Thank you for your question.
A bankruptcy filing of any sort is not supposed to change whether anyone other than the Debtor is liable for any debt. It *does* change whether a creditor can go after the Debtor, so there is a huge incentive to go after anyone else who is already on the hook for a debt listed on the bankruptcy schedules (paperwork).
Whether someone is a co-debtor depends on the contract
paperwork with the creditor. Things like co-signing on a debt WILL make that person a co-debtor, regardless of how the BK Debtor lists things on the schedules. A mistake by the Debtor on the BK paperwork is not necessarily binding on a third-party co-debtor.
Please know why the answer is "it depends"--people take title to land all the time in their own names, while multiple people might be on the LOAN used to finance the purchase of that land. Again, see the debt contract paperwork with the creditor.
In community property states (not NY), debts taken on by only one spouse *for the benefit of the marital "community"* CAN and often ARE laid upon the non-contracting spouse. This is more difficult to do in non-community property states, but can still happen if the debt was for something truly necessary like food, housing, medical services or medicines or other "necessaries". Whether that would truly happen depends on a lot of facts that we cannot review in an on-line setting and which the Terms of Service here prohibit us from analyzing the law to your specific situation.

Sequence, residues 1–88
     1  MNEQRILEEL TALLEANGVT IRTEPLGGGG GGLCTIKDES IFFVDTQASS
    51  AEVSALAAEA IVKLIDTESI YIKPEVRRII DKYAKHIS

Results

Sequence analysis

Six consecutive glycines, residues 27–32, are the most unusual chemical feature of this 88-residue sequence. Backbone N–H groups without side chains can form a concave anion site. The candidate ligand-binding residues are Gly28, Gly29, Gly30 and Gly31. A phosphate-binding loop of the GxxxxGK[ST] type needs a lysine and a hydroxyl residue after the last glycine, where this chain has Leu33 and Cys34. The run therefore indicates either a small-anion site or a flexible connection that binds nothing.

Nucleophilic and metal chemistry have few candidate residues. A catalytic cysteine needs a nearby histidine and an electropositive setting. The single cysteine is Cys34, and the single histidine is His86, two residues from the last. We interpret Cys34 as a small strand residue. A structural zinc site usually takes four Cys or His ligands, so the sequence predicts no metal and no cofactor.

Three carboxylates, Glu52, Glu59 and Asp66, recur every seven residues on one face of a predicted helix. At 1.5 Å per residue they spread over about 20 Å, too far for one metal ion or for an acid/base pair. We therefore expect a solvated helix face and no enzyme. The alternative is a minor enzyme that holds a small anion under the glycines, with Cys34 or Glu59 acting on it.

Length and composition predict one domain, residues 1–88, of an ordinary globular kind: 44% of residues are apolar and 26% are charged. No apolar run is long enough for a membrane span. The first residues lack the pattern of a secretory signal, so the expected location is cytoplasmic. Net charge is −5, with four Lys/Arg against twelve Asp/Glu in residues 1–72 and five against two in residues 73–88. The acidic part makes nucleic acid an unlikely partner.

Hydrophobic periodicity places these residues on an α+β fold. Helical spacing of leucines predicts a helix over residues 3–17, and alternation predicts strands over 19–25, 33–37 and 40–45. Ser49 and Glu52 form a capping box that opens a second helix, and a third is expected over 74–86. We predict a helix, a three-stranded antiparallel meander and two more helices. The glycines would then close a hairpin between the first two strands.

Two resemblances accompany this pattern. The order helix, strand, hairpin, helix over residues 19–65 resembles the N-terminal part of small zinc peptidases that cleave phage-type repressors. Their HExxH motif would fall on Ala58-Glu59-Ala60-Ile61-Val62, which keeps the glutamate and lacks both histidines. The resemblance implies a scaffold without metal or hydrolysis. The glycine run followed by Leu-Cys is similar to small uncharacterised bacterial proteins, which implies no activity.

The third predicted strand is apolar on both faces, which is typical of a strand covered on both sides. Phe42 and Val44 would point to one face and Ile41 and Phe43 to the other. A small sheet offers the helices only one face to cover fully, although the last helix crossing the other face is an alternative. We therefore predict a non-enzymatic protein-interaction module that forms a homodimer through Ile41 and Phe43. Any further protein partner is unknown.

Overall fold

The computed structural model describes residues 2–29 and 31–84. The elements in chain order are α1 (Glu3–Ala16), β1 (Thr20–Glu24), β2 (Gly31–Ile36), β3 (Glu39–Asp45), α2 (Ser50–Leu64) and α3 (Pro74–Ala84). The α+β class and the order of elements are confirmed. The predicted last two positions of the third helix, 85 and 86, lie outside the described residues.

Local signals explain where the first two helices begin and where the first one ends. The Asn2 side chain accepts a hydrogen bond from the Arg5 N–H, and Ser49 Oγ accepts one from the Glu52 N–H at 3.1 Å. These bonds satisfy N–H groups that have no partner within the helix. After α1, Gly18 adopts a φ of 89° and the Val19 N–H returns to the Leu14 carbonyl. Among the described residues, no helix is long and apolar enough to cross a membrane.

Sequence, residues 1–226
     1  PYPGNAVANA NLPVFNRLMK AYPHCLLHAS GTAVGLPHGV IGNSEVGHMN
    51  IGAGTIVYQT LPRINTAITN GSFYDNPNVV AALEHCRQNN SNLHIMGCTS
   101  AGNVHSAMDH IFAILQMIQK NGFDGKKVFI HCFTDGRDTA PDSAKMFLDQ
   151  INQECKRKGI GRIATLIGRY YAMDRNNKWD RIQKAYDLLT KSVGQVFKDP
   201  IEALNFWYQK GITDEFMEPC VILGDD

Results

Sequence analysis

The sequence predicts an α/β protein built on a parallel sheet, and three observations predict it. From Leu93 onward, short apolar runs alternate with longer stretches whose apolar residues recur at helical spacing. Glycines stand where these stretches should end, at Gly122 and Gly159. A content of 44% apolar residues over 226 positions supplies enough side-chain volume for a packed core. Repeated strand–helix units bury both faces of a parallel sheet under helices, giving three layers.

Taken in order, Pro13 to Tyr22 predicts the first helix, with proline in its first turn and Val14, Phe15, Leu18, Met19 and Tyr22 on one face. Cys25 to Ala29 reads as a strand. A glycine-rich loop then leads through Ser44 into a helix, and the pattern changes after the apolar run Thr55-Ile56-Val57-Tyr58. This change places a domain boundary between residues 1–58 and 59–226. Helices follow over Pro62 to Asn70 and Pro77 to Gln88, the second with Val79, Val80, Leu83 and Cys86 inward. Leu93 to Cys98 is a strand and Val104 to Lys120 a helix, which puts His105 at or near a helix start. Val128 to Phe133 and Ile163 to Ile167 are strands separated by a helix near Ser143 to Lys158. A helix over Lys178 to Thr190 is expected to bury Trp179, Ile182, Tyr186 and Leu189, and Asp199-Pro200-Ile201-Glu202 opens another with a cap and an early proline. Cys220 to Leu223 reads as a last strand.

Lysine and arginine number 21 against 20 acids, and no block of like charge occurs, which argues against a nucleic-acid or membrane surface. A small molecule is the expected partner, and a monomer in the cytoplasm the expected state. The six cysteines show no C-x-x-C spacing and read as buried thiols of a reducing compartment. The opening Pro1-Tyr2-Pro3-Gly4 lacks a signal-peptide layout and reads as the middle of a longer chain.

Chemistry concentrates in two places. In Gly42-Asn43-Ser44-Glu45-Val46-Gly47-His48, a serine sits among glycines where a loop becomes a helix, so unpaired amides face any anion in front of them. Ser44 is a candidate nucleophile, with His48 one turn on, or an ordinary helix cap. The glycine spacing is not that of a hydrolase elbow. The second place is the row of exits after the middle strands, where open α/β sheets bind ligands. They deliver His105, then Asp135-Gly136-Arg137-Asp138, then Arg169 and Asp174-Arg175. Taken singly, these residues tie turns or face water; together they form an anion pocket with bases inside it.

Since property and debt divisions in divorces are enforceable ONLY between the parties and are not legally binding on the creditor, adding a bankruptcy to the situation can trigger all sorts of legal ways for a creditor to try to go after the non-Debtor spouse or ex-spouse. The remedy under that situation is, as you suspect, in the bankruptcy case. The good news is that child support and spousal support arrears are NOT dischargeable in bankruptcy, and the "discharge" does not affect those financial obligations between ex-spouses. There is further good news that in Chapter 7 cases, most property settlement agreements are also NOT dischargeable between the spouses.
The bad news is that if the BK paperwork shows a desire to get the property settlement agreement debt discharged, the way to challenge that is through an "adversary proceeding"--a lawsuit in the BK court asking a judge to rule on the question of dischargeability. These usually go on for months or even years after the rest of the BK case is over and everything else that's undisputed as to dischargeability has indeed been discharged.
Like any lawsuit, if an adversary proceeding is needed, professional assistance is HIGHLY recommended.